Toby had her 7th birthday party in October.  7 is too old for bounce houses; she wanted an inflated slide. We went out and measured the lawn late one night (which is how we caught Rocky pooping by moonlight in the kale patch)  The fire truck was the only one that was narrow enough to fit.  Tall, narrow-based, inflatable slides are death traps.  This one was tethered to the house, so it didn't lean over and deposit the kids 2 stories down onto Idell Street.  Instead, when too many kids were up top, it would careen into the house to a deafening chorus of terrified children confronting their mortality. We had a stubbed toe gushing blood, a twisted ankle, skin burns, a fall from the loft of the tree house, quite a few battles over presents and who would be playing with whom.  The "make your own sundae" idea went over pretty well.  They are still able to hear their little bodies say, "ENOUGH." (unlike me with a bottle of wine)  "I will never force anyone finish a bowl of ice cream" was my response to their apologetic little faces as they handed over the half-eaten glop for me to discard. Tim spent the entire party outside monitoring the fire truck slide.   I just got up from writing and noticed that the floor is moving.  It's ants.  I wonder if there is a half-eaten sundae under the couch.  The "disaster" verdict is still out.

(Cindy Loo Hoo is in white with the pencil in her mouth....adorable)

We had Steel's birthday party in the summer.  She wanted a slumber party, and I told her that October is too crazy for a slumber party, so we'd bump her birthday up to August.  It was looking manageable when a couple friends couldn't come.  Steel, then invited 3 friends from her old Northern Liberties life, and it became unmanageable again.  All of her friends are either Scorpios (like her) or Virgos (like her dad) or Sagittarians. (like me)  I take this as proof that she loves us and herself.  Steel wanted to give everyone make overs.  She also wanted to be the ONLY aesthetician.  She was a wreck.  Some kids were interested and felt she wasn't giving them enough time.  Some were bored and wanted to do something else.  Steel is addicted to fake nails.  They aren't cheap, and they involve super-toxic glue which "it's got to be organic" mom should not allow. They end up all over the house, but I can't control the fake-nail loving beast.  She took the "buy 2, get 1 free" sale on nails as a sign from the gods that she should buy fake nails for everyone.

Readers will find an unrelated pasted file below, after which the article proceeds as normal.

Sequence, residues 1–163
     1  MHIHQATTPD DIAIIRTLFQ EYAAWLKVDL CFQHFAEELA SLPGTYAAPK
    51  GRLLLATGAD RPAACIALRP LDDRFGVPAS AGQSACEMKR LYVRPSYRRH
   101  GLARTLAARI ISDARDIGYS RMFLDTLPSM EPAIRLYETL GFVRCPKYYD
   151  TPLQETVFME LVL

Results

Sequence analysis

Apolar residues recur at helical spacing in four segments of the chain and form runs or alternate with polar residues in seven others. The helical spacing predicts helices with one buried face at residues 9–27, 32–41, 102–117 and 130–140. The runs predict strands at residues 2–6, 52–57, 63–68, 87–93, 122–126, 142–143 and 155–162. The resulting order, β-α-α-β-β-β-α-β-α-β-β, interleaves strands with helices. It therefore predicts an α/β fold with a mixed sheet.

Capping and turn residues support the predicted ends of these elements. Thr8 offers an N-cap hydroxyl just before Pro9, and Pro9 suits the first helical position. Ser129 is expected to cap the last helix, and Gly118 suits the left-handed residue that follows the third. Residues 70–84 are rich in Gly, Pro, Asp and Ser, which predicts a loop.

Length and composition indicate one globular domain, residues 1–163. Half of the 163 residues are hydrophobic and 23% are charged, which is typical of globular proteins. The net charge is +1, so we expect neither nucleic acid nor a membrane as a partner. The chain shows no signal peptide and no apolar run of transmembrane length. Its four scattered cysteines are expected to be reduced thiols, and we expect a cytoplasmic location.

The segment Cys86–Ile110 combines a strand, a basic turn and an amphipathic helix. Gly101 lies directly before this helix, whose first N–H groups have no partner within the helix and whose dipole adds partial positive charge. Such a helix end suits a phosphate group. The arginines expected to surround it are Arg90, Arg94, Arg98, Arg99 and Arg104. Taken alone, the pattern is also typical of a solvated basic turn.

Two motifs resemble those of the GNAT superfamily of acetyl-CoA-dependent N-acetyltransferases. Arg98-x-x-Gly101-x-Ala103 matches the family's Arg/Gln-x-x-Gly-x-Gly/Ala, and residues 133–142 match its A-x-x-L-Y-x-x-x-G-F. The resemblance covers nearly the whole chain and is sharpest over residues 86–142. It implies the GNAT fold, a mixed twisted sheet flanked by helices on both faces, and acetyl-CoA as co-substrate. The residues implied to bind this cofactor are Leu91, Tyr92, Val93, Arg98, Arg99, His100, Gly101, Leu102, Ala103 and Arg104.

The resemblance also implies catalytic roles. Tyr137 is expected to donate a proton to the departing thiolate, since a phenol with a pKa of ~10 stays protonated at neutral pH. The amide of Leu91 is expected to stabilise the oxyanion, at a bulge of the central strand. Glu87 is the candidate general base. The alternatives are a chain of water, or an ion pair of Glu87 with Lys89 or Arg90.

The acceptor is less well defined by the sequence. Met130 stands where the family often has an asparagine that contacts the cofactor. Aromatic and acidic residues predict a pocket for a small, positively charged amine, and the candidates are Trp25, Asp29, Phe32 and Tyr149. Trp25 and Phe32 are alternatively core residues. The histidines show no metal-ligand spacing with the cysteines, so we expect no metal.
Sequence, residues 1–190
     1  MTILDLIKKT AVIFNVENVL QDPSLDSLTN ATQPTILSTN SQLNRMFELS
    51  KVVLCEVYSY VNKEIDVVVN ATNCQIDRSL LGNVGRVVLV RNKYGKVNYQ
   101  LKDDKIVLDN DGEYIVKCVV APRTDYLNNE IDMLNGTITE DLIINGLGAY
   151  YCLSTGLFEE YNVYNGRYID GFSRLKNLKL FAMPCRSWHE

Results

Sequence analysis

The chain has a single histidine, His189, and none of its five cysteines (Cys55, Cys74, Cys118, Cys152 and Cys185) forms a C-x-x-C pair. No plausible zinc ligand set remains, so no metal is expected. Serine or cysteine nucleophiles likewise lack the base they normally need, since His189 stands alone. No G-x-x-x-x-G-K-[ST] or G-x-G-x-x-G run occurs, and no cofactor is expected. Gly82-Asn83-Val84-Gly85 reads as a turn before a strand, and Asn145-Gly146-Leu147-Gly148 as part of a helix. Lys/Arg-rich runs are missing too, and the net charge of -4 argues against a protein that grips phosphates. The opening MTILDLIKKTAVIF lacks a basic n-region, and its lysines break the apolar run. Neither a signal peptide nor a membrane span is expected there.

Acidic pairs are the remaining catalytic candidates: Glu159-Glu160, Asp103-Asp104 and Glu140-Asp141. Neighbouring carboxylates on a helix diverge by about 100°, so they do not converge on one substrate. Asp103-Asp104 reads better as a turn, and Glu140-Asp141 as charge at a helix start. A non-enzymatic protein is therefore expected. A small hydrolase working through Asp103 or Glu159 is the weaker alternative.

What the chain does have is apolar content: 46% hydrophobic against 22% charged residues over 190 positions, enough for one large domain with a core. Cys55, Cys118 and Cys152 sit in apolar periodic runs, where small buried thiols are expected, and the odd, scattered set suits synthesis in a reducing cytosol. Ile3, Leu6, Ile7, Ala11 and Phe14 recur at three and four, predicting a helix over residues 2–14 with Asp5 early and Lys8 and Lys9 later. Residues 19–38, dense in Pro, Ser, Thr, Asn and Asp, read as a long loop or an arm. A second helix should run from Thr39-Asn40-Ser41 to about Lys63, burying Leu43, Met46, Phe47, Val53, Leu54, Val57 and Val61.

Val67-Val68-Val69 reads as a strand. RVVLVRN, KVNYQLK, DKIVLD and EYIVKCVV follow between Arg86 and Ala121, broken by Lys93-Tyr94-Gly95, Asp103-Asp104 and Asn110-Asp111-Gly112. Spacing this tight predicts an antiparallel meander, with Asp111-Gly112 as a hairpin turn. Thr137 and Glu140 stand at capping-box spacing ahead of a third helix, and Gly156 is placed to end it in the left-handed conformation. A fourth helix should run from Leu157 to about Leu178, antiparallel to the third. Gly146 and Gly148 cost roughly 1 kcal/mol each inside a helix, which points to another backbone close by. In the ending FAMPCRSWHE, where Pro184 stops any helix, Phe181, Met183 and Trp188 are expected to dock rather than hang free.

We thought we'd gotten them all to bed by 11, but by 12 one of the girls was in tears and insisting I call her mom.  I lay down with her on the bed, and she calmed down.  I dozed off and woke to the smallest guest hovering over Steel and shout-whispering Steel's name.  I jolted up.  Every minute that Steel was asleep was a minute without irrational melt downs in the next month, so I really didn't want this little girl waking her up.  I shriek-whispered, "What do you NEED?????"  to which this little one, who will forever be named "Cindy loo who" in my head, responded, "I need a drink of water!"  In the unlikely event that I allow another sleepover I will make sure everyone has a tiny little water bottle by her side.




Speaking of disasters, we had a rough visit to New England last summer.  First of all, it was 47 degrees and rainy for the first week.  We did sand candles, make-your-own marshmallow shooters out of plumbing supplies and a bunch of other projects.  I was in charge of my 3 and my brother's 2.  It seemed that my mom was much more easily annoyed with the noise and chaos.  No one agrees with me about this.  All kids said, "Grandma Susie is ALWAYS like that!"  Which means that I now can't handle my mom's annoyance with the noise and the chaos...(is this pre-menopausal thing?  I wonder that about EVERYTHING now) My answer was to load all 5 into the minivan and go visit my friend, Tanya, in Maine to give Susie a break.  The two problems with this solution were 1. my nephew, Owen gets violently car sick, and 2. Tanya has 4 kids and her chaos makes mine look tame.  Her second child, Bear,  wasn't there.  I had to be content with his school picture.  I will call him Bearrah Fawcett here forward. 






I now understand the hype about Maine.  It's like Massachusetts minus the Country Clubs and the annoying people with the addition of hot lobstermen with cool accents-one of whom is so in love with Tanya, he took ALL 8 kids and a kitten out on his boat.  Tanya had just let her oldest come home with a new kitten to add to the shoe-eating dog and blueberry-shitting bunny. Tanya makes me feel normal; this is rare.  Owen survived.  He popped out of the car and puked only once.  He is an "Olympic puker." When we went on the whale watch last summer, he never missed the trash can.  When his family arrived in Philly on their way back from Florida, he puked onto my neighbor's grass.  My only complaint is he chose the impeccable neighbor's grass to puke on; I've cringed whenever I've walked by the wee bald spot-singed by Owen's stomach acid, but at least it wasn't in the car.  

I just had insight on my mother's kid-tolerance levels.  We decided to have our post-Christmas family get-together in Philly.  Curt, puking Owen, Gillian, Jana, and Kellen drove 16 hours up the day after Christmas.  My mother was ecstatic.  She said, "Oh great! Now I don't have to drive to Florida, and when I get sick of everyone, I can just GO HOME."  See!  We are more annoying to her than we used to be.